Having learned that the believers were divided over the matters of faith, the apostles particularly Saints Peter and Paul wrote letters of hope and encouragement. On the first Sunday of Advent we read Paul's letter to the Corinthians in which he exhorted them to thank God unceasingly for His grace in Christ and for all the gifts, particularly for the gift of discourse and knowledge. Last Sunday we read Peter's instruction to the early Christians to conduct themselves in holiness and devotion and be at peace as they waited for the Lord's return. He said that the coming was delayed because God was waiting for the repentance of all. Today we hear Saint Paul's writing to the Thessalonian Christians in which he said, "Rejoice always. Pray without ceasing. In all circumstances give thanks, for this is the will of God for you in Christ Jesus. Do not quench the Spirit. Do not despise prophetic utterances. Test everything. Retain what is good. Refrain from every kind of evil."

Rejoicing means to be joyful or to be delighted or to be glad. Paul wanted the Christians to be rejoicing and not just be happy. Happiness often depends on circumstances, places, people, moods or emotions whereas joy is constant and is from deep within. One can have joy when all is well, but he or she has the ability to generate the same feeling even when all is bad as well.

Pray without ceasing. Paul encouraged them to never stop praying. Prayer is much more than just saying some words to God at select moments. Prayer is being in contact with God or being conscious of His presence at all times.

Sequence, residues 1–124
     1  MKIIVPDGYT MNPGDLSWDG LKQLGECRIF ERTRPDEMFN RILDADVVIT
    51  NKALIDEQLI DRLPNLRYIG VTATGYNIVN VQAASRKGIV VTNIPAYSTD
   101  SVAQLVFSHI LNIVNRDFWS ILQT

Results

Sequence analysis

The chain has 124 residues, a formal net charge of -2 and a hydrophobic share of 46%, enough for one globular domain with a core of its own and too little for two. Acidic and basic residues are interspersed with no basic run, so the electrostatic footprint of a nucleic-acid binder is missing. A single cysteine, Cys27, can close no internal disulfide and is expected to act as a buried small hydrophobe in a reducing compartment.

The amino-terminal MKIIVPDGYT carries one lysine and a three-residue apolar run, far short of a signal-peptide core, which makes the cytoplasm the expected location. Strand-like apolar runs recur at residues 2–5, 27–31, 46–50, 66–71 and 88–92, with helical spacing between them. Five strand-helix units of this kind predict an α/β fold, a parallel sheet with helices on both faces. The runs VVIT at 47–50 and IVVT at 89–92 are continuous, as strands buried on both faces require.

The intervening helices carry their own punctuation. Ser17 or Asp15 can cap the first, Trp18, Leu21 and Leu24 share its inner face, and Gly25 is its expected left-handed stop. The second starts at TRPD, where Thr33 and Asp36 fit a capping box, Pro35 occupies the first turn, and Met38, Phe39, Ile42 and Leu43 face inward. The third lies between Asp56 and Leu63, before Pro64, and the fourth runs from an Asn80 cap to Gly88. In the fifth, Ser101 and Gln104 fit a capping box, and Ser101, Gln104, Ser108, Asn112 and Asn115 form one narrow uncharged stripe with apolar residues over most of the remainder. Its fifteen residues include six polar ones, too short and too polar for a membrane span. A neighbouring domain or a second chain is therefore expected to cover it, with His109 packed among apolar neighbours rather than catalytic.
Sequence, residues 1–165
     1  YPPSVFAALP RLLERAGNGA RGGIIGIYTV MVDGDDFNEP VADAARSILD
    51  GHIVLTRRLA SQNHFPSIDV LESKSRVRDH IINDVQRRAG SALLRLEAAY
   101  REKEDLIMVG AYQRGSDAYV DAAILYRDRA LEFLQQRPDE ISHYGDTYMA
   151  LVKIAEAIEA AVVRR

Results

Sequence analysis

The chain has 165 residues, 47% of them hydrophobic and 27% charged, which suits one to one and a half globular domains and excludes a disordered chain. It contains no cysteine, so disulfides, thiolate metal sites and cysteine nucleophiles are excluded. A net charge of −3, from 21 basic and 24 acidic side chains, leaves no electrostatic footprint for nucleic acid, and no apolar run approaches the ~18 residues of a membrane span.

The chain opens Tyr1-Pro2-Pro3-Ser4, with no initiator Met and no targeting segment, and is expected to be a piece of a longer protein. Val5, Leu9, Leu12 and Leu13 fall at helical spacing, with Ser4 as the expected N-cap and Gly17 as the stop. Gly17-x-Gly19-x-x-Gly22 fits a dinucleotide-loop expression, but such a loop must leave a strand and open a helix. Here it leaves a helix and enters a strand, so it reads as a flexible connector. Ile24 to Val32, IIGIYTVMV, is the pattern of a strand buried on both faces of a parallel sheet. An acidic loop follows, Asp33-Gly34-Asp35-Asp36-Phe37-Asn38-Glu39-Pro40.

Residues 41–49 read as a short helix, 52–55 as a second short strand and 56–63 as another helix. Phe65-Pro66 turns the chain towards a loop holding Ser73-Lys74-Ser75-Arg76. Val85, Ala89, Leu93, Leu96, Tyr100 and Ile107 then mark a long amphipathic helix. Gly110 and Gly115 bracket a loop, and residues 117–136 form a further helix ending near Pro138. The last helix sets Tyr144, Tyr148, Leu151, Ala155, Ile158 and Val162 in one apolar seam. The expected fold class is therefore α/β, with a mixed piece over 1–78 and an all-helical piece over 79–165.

Give thanks in all circumstances. Paul exhorted them to give thanks in all things - not only for the sunny days and happy moments but also for hardships, adversities, disappointments, pain and suffering.

Do not quench the Spirit. Do not despise prophetic utterances. Test everything. Retain what is good. Refrain from every kind of evil. Paul urged them not to put out the Spirit of God. In other words, he suggested that they should not ignore the prophetic words inspired by the Spirit of God because of differences in human interpretation and understanding but rather test them in their daily life for their quality or authenticity and then, finally hold on to what is good and avoid what is evil. However he reminded them that all were happening according to the will of God for us in Christ Jesus, and that God will not fail them, for He is faithful. He was convinced that "the God of peace will keep the spirit, soul and body" blameless for the return of Christ. That's to say, every aspect of a person will be protected by God and they will be on the right side of God at the judgment when Christ returns.

Friends, Paul's exhortation to the Thessalonians could be also the divine mandate for us. Let us patiently wait for the coming of Jesus Christ as he has promised, whether the coming could mean at the end of ages or at the time of our death or while reading the scriptures or while praying or walking on the road and, at the same time cooperate with the Lord and do our part. Let us make every effort to keep our body, mind and soul blameless - by rejoicing always in the Lord, by thanking God for everything and in all circumstances, by praying without ceasing, by keeping ourselves open to the Spirit of God and by testing the teaching of Jesus Christ in our daily life and by choosing what is good and avoiding what is evil - until he comes in glory.

(P) Amen.

God Bless You!